By: Lynne Waite and Stella-Maria Thomas, BF3 Correspondents
- First Victory for Tincknell
- Start line crash causes chaos
- Rookie Class runners crash on final lap
Fortec Motorsport's Tincknell claims his first British Formula 3 win in crash fest race 2
At Brands Hatch this morning Harry Tincknell (Fortec Motorsport) took full advantage of his pole position (drawn by his team-mate Lucas Foresti as winner of Race 1) to claim his first F3 victory, leading home Menasheh Idafar (T-Sport) and Carlos Huertas (Carlin). In the Rookie Class, Kotaro Sakurai (Hitech Racing) and Bart Hylkema (T-Sport) had a coming together on the final lap, and it was Sakurai who limped home faster to claim the win.
There was chaos at the start when not everyone got away cleanly and Fahmi Ilyas (Fortec Motorsport) was collected by an unsighted Max Snegirev (Hitech Racing), after someone – possibly the Russian – clouted Hywel Lloyd (Sino Vision Racing) on the way past. Lloyd limped round to the pits with damaged suspension, while Ilyas and Snegirev were out on the spot. That necessitated a Safety Car period whilst the marshals worked frantically to clear the area of Dallara bits. Whilst the field made their way round to settle in behind the Safety Car, William Buller (Fortec Motorsport) messed up the exit from Graham Hill Bend and dropped himself to last but one, ahead of Kevin Magnussen (Carlin), who had also had an “interesting” first lap and was now a long way from where he’d started. The order behind the Safety Car therefore, was Tincknell, from Idafar, Huertas, Scott Pye (Double R Racing), Felipe Nasr (Carlin), Jazeman Jaafar (Carlin), Rupert Svendsen-Cook (Carlin), Foresti, Pietro Fantin (Hitech Racing) and Adderly Fong (Sino Vision Racing). 11th was Pipo Derani (Double R Racing), ahead of Jack Harvey (Carlin), Yann Cunha (T-Sport), Sakurai, Hylkema, Buller and Magnussen. And that was how they stayed for the entire first half of the race.
With just over 10 minutes left, the lights on the Safety Car finally went out and the race got underway for what would be more of a sprint than anything. Tincknell backed them up neatly and controlled the start well, while behind him Nasr took a long hard look at getting past Pye. As the Brazilian came up alongside him, the Australian put up plenty of resistance, using his Formula Ford experience to hold off the series leader. In the usual manner, the result of the failed overtaking manoeuvre was that the man who attempted in now came under pressure from the driver behind, which meant that Nasr was now under heavy pressure from Svendsen-Cook. Meanwhile Idafar was attacked on the run to Hawthorns by Huertas, with much the same result for the pursuer.
Further back, Buller and Magnussen had both passed the Rookie Class boys before Buller set about Cunha, towing the Dane with him as he passed the Brazilian. That meant their next victim was likely to be Harvey. And so it proved. Buller went out to pass the youngster, only to find Magnussen seizing the opportunity to go round both of them at Paddock. It was quite a move from the youngster and the result was that Buller failed to execute the move himself.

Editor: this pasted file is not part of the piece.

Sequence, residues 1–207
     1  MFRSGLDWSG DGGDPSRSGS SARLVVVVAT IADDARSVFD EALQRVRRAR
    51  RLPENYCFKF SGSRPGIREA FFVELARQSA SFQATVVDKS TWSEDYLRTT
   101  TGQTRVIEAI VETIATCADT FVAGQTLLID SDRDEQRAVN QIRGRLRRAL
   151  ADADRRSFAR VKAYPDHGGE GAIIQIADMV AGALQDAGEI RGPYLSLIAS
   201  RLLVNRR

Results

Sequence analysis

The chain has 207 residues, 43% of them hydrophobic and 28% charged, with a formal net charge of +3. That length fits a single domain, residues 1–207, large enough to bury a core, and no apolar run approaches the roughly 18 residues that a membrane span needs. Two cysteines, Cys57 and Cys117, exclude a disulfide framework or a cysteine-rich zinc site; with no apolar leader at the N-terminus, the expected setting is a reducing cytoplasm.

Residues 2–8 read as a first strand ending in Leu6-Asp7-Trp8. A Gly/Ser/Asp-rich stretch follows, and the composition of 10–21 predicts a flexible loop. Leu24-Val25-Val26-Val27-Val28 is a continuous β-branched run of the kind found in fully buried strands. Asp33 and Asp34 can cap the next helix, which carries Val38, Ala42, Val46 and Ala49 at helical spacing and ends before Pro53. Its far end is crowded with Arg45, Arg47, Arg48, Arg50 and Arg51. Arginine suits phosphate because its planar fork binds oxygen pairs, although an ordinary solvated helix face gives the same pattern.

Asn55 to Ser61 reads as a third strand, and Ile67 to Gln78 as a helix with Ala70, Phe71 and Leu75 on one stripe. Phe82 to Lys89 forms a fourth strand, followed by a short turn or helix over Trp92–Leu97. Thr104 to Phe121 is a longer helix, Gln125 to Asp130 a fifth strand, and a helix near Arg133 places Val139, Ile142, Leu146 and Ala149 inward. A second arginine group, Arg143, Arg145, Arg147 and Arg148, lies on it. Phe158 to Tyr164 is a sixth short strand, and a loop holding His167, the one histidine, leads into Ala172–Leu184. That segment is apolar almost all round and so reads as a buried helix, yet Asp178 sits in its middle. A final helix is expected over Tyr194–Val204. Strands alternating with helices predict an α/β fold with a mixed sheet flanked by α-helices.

In the melee, though, Nasr had now settled in and was trying for the extra point for fastest lap, presumably having decided that finishing 5th was just as good as 4th really. He’s understood that consistency wins championships and even if it’s clear that he really would rather win, he’s prepared to play a long game to get the title. As it turned out, Buller finally got the fastest lap, though not before he dropped back behind Cunha. At least he got something from what was an otherwise frustrating race.
While Fong was warned about not respecting track limits, behind him Derani lost his place to Magnussen after another of what are now becoming trademark moves for the Dane, this time a stunning pass round the outside at Hawthorns to claim 11th. Harvey was able to follow through as well, having been right on Magnussen’s wing from the point where Magnussen had passed him. It was tough on Derani but there was at least a faint possibility that Magnussen might just get into the points, if only he had enough time left to catch Fong. Sadly it was too late and at the finish he was still almost a second down. Meanwhile, after a tense battle between the Rookie Class duo of Hylkema and Sakurai, it all came to a head at Surtees, when they tangled and went off. They were both able to get going again, though they were also both severely hampered by damaged. As it turned out, Sakurai had sustained less damage than Hylkema, and it was the Japanese who limped across the line first to win the Class. Hylkema staggered round far more slowly but would take the same amount of points by virtue of having set the fastest lap of the race in class.
And so Tincknell came home to his first F3 win, from Idafar, Huertas, Pye (in his best result of the season so far), Jaafar (who got the drop on Nasr in the closing stages), Nasr, Svendsen-Cook, Foresti, Fantin and Fong (finally scoring a point). 11th was Magnussen, then came Harvey, Derani, Cunha, Buller, Sakurai and last (and parked just after the line) Hylkema.
Fastest laps went to Buller and Hylkema.
Weather: Windy, dry.